• In the latest phase of Rio de Janeiro’s “pacification” efforts, some 1,400 Brazilian police and marines were deployed to the Rio complex of Mare early Sunday morning. The military has assumed responsibility for security in the neighborhood, and is expected to pass it off to a Police Pacifying Unit (UPP) in the second half of this year. While the AP reports that no shots were fired during the operation, according to O Estado one local teenager died Sunday evening in an apparent shootout between rival gangs in the area. O Globo has photos of the operation, and notes authorities have sent in municipal cleaning crews to clear Mare of litter, in line with the overall goal of using pacification programs to improve public services.
  • Today marks the 50th anniversary of the military coup that overthrew Brazilian President João Goulart in 1964, but as the Washington Post report, the incident and subsequent abuses of the military regime remain fresh in the minds of many Brazilians. A new poll published by Datafolha suggests that some 46 percent of the population support the annulment of Brazil’s 1979 amnesty law, while just 37 percent are against it and 17 percent are undecided. The poll also found that support for the punishment of dictatorship-era abuses has increased to 46 percent, up from 40 percent in 2010. The same poll, however, found that 68 percent of Brazilians think there is more corruption in the country today than under the military regime.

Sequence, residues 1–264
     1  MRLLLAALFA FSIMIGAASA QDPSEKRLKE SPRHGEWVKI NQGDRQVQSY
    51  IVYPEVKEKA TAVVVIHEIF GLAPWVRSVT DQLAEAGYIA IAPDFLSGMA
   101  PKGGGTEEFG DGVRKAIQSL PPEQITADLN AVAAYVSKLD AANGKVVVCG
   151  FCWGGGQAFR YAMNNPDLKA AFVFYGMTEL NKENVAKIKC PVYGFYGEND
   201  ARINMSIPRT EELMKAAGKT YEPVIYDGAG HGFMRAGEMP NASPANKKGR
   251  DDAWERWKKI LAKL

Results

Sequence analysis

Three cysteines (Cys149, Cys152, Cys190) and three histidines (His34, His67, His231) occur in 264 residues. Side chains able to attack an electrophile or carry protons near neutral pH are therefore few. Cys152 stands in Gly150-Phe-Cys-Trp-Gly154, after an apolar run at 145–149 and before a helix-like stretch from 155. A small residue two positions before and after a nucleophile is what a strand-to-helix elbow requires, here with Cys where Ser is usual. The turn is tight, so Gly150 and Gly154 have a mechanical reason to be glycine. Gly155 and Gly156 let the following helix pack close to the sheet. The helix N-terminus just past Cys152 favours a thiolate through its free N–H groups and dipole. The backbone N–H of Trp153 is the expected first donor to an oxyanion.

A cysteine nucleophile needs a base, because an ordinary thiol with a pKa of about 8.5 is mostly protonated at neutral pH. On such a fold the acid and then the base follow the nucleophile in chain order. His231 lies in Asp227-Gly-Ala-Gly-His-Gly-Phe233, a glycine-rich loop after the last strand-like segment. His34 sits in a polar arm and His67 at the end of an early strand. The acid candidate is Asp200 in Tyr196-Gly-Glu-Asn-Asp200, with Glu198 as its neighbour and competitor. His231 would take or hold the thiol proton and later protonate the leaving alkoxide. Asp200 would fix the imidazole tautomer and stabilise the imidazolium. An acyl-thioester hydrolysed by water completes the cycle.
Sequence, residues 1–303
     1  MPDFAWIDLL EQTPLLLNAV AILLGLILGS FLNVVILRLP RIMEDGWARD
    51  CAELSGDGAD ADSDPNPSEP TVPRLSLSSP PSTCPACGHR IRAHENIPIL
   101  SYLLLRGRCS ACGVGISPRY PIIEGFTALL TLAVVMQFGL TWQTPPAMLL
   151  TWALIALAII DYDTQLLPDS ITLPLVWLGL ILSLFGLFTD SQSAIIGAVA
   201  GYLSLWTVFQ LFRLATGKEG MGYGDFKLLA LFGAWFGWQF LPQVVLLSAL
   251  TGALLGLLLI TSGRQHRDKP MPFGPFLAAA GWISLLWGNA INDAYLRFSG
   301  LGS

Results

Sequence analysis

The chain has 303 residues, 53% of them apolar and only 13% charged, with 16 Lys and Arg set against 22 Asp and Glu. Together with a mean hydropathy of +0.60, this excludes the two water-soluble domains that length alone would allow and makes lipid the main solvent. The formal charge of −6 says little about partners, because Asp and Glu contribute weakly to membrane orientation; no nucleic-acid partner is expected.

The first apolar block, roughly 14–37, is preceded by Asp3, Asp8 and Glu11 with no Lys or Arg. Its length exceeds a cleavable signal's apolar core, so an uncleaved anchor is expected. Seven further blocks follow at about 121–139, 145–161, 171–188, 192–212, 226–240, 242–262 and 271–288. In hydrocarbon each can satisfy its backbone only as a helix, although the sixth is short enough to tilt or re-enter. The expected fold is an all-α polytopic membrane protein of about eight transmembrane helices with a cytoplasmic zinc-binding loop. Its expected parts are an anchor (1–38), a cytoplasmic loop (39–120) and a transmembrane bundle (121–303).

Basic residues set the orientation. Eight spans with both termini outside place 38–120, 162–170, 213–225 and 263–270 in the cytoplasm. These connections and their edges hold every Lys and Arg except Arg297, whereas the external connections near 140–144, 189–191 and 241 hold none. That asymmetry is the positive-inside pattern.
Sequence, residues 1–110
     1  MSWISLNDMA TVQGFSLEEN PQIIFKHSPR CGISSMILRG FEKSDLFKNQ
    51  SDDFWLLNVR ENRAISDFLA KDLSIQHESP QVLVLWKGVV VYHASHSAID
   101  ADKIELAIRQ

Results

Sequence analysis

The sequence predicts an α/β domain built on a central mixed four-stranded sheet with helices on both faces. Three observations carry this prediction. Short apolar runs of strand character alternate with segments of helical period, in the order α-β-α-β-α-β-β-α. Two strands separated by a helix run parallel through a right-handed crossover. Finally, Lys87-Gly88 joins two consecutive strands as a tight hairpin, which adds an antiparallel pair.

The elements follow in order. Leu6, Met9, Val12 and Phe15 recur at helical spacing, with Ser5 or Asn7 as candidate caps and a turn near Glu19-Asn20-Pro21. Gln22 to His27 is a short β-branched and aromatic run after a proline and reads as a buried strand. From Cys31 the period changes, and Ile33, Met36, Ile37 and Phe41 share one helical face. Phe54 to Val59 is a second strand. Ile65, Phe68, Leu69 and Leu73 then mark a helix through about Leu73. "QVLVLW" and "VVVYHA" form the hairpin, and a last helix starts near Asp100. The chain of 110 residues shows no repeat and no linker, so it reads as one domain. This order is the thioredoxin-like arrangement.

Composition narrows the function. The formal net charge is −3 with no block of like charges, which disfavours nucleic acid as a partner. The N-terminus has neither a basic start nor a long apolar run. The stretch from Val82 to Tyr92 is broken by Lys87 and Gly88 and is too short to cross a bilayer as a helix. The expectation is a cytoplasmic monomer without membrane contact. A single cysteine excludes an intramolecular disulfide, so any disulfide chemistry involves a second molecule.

• As expected, yesterday Cuba’s largely rubber-stamp National Assembly approved a law aimed at paving the way for more foreign investment on the island. As the BBC reports, the new law will cut taxes on profits from 30 to 15 percent, and investors an eight-year exemption period from paying taxes.
  • Leaders of El Salvador’s Catholic Church have come out against the government-facilitated truce between two rival gangs in the country, La Prensa Grafica and EFE report. In a press conference yesterday, San Salvador Archbishop Jose Luis Escobar said the truce was “a well-intentioned effort, but did not work,” and called on the incoming administration of President-elect Salvador Sanchez Ceren to adopt a new strategy to address gang violence.
  • The latest round of talks between the Colombian government and FARC rebels came to a close on Sunday with both sides hailing progress made on drugs and drug trafficking, the current issue on the table. In remarks to the press, the government negotiating team also issued its first reaction to a FARC proposal to create a truth commission charged with looking into abuses committed by all sides during the country’s armed conflict. Top official negotiator Humberto de la Calle said the government welcomed the suggestion, but that such a commission would only be established after a peace deal was reached.
  • Mexican migration officials announced Sunday that some 370 migrant children were apprehended by migration authorities in 14 states across the country last week, after apparently being abandoned by traffickers paid to smuggle them across the U.S. border. The operation may reveal a developing trend. According to one migrant rights activist consulted by the AP, more and more minors have been making the trip north.
  • Ahead of the May deadline for Mexican lawmakers to select seven new commissioners to the country’s much-lauded transparency agency, the Institute of Access to Information and Protection of Data (IFAI), El Universal reports that some 158 applicants have submitted their names for consideration. The paper profiles 24 of the most eligible candidates, a list which includes academics, transparency advocates and politicians.